In order for Season 9 to have worked, we needed a clean break with the past. We needed two new heroes on a new quest with new perspectives, new dynamics and new enemies. Instead, we got Doggett, Reyes, Skinner, Follmer, Frohike, Langly and Byers playing the dwarves to Scully’s Snow White. (I would have included Kersh, but that’s not seven anymore, is it?)

What we needed, really, was a spinoff. Now, I know very well that wouldn’t have happened, but in an ideal world and all that.

It was just a shame to see this iconic, legendary show that provided so much joy over the years end its run on a low note. Then again… without a proper death, resurrection means nothing. I’m so glad I can look back and say this wasn’t really the end.

On that note of hope, here are the final set of awards for the series proper:

Give it Another Shot

Sunshine Days

Gave it Another Shot

Improbable

No More Shots

Provenance

Best Shot

Audrey Pauley

Long Shot

Underneath

Shoot Me

Jump the Shark

Shoot the TV

William

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The Truth 9×19/20: Maybe there’s hope.


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I’m here to regale you with yet another trip back into the memory of an X-Phile. Because what is “The Truth” if not a long exercise in nostalgia? Well, so is this.

I remember the buildup of anticipation for this episode, because it’s not really one episode, but two. Two episodes of The X-Files back to back? That’s as good as a movie! And with David Duchovny officially returning, surely the series was going to go out with a bang.

Well, it went out with lots of bangs. Some bangs, some disappointments, some head-scratchers, and lots of emotional flailings. And it all starts where it began – with Mulder.

Listen, kids, you have no idea what seeing David Duchovny’s face fill the screen after all that time did to a girl back in the day. If you binge watched your way to this point, not counting flashbacks and eyeball cameos because they don’t count, then you waited approximately 774 minutes. I waited approximately 8,760 hours. Yes, I counted. Season 9: The struggle had been real.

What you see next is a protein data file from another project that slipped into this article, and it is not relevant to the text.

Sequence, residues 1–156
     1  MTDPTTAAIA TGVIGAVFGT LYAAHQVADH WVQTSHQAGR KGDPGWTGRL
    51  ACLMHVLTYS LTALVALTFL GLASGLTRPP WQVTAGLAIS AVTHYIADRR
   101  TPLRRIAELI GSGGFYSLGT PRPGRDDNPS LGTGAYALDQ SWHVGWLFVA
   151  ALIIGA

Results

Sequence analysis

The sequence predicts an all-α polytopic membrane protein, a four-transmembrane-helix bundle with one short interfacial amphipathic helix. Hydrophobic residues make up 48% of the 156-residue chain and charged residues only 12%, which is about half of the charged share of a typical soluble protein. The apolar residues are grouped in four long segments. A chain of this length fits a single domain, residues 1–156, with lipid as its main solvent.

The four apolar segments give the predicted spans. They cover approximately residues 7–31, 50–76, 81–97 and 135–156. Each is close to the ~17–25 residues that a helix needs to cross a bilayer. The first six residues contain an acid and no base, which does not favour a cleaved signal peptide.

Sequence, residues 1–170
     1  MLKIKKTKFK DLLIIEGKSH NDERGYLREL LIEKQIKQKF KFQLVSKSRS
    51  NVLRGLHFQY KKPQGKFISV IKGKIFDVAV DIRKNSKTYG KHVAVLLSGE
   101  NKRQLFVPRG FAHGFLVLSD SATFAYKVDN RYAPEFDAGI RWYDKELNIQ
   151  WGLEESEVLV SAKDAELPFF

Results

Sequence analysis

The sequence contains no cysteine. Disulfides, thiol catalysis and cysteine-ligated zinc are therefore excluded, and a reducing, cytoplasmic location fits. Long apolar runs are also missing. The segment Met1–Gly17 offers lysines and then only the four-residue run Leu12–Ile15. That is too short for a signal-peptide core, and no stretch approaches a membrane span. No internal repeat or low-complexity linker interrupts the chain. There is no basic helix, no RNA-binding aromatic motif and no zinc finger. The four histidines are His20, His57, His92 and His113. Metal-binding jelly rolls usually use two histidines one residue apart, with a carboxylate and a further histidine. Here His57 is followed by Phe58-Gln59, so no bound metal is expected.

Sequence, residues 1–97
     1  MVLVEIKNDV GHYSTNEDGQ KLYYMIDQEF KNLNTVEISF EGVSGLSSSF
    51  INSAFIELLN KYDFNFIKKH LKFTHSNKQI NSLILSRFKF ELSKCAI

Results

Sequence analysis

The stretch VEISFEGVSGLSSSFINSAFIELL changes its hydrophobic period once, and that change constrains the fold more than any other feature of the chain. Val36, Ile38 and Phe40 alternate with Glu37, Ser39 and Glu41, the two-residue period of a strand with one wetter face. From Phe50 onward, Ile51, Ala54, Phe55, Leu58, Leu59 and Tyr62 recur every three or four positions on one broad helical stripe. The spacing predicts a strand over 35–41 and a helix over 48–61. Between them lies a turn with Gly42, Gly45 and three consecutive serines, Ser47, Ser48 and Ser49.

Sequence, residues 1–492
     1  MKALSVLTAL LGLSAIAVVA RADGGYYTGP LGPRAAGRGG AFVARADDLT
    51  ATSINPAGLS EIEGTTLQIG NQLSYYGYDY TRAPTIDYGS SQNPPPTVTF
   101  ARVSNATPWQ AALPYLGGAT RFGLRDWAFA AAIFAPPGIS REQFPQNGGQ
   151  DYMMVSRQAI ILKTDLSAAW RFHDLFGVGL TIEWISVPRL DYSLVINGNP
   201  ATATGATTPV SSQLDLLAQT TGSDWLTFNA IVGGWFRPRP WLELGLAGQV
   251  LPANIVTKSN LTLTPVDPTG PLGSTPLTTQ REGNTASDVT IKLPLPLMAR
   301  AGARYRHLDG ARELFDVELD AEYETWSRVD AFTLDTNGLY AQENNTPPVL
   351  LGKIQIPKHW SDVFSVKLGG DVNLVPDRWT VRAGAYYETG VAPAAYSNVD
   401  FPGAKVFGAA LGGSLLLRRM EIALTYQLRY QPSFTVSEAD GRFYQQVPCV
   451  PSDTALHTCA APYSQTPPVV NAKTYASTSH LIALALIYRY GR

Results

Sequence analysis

2016 still found me flipping out with relief. I may or may not have repeatedly called out Mulder’s name like I had spent years stranded alone in the television wilderness. Because I had.

And true to form, no sooner is Mulder back than he’s already sticking his nose where it doesn’t belong. I’m frustrated. I’m yelling at him. I’m thrilled to be doing so. Still, I wonder… how did he manage all this funky poaching without the Lone Gunmen? Top secret military facilities don’t do headcounts? No one noticed Mulder is the only one who hopped off the helicopter without a briefcase?

Guard: What are you thinking?

Mulder: About my son… about his mother.

Guard: Wrong answer!

No, right answer. Right. Answer.

Side Note: Am I the only one who watches these brainwashing scenes and has flashbacks to Star Trek: The Next Generation? “There… are… four lights!”

Anywho, by the time the torture is all over we’re not sure, or we’re not supposed to be sure, whether or not Mulder has finally lost his marbles. He sees dead people… and he’s a guilty man. He’s failed in every respect. He deserves the harshest punishment for his crimes.

Scully isn’t sure either which is what creates the delicious tension in their initial reunion. But she should have known because Mulder keeps calling Scully “Dana” and Skinner “Walter.” Which is code for, “They’re watching.” This also serves as further proof that the emails in “Trust No 1” (9×8) were either forgeries or carefully encrypted messages. I want to believe.

Because you see, when you believe, mountains move, seas part, and Mulder grabs Scully and kisses her like the world’s about to end… because it actually is.

I consider this moment my personal reward for making it to the finish line of Season 9. You can consider it whatever you like, but they did that for me. And the best part, the BEST part of the whole thing is watching Skinner’s awkward bald head squirm in the background.

Oh, the squeals. The flails. The sweet agony. I don’t know what it is, but these two people do deep things to me.

So go ahead. Write me off as a cheap shipper. ‘Cause Jimmy crack corn and I don’t care.

Mulder ‘n Scully 4EVA!

Mulder: Come here you big, bald, beautiful man.

And now back to our regularly scheduled adulthood…

Scully: Mulder …